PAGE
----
The Labour party promise to scrap tuition fees
Created on: 22nd May 2017
The Labour party have promised around 400,000 students that they will write off fees for the academic year 2017/18 at a cost to the taxpayer of £3 billion annually. The new policy is intended to include those students starting this Autumn.
The policy, which was not included in Labour’s manifesto, was seen as a last ditch attempt to win over younger voters as registration for the general election closed today. Some have criticised the new policy, stating that the figures just don't add up and Labour might not be able to deliver on its promise. Education secretary, Justine Greening commented on Labour's plans:
“Corbyn has promised that tuition fees will be abolished this year but he hasn’t banked the money. As ever, Corbyn’s figures don’t add up and his shadow cabinet can’t explain where the money would come from.”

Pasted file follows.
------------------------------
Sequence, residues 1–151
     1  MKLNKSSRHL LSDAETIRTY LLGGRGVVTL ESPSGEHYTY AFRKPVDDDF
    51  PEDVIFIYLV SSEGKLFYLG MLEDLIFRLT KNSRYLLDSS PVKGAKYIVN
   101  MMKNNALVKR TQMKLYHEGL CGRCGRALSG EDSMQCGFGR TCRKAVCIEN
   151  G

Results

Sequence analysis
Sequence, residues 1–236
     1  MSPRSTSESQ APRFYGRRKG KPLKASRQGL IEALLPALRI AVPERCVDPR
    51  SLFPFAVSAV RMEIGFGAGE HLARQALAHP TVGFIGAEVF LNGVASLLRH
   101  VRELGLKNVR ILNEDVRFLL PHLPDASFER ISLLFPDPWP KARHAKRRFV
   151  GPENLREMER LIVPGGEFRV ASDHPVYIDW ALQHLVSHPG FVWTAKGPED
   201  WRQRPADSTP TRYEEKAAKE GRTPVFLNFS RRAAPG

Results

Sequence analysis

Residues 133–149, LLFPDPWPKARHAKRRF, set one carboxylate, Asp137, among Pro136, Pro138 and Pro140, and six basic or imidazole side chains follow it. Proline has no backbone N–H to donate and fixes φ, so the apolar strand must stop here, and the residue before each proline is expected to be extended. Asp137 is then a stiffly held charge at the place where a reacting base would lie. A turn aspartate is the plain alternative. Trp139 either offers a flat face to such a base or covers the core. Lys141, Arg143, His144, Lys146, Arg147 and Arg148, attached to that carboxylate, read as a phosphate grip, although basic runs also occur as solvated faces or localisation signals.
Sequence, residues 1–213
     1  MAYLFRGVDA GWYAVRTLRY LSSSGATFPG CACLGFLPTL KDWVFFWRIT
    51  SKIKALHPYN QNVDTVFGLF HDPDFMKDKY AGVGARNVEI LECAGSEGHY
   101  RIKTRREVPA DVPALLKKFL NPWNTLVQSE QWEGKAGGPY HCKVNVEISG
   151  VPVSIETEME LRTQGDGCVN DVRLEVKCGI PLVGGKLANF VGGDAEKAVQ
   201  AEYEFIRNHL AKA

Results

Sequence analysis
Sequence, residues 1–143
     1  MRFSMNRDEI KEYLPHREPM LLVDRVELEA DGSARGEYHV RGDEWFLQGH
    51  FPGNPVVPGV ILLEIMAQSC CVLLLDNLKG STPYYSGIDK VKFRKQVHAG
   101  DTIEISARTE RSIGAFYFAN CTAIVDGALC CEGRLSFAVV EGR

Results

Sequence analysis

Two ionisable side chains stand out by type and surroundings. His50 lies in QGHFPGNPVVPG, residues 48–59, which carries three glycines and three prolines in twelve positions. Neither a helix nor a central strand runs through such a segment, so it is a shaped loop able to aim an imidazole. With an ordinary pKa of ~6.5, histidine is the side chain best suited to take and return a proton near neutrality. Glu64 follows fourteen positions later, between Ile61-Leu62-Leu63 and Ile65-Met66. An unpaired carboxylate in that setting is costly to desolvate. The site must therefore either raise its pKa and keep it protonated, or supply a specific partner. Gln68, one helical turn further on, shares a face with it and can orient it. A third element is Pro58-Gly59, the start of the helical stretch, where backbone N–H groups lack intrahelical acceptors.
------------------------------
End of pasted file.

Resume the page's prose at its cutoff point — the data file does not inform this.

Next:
The announcment from Labour comes as the deadline to vote approaches and as tuition fees are set to rise to £9250 a year in autumn. Labour's shadow education secretary Angela Rayner told BBC Breakfast that people coming out of university now face debts of up to £44,000 - a "gut-wrenching" sum which "hangs over them" for years to come.
She said that by getting the top earners to pay "just a little bit more", Labour can "stop our young people from going through that hell of having that much debt".
Labour said the cost of writing off student loans would come by increasing corporation tax and a tax rise for the top five per cent. However the Conservatives argue that if Labour won the election, they would not be legally able to raise corporation tax until next April, six months after students start their courses.
Former Lib Dem leader Nick Clegg spoke out about the recent scrapping of fees, stating that the new policy was the 'wrong choice' at the moment and does not know how Labour plans to follow it through.
There are lower levels of fees in Wales and Northern Ireland. In Scotland there are no tuition fees for Scottish students. There have been rows in Scotland, however, about the gap in access to university between rich and poor students.
Posted by Amanda Hopkins
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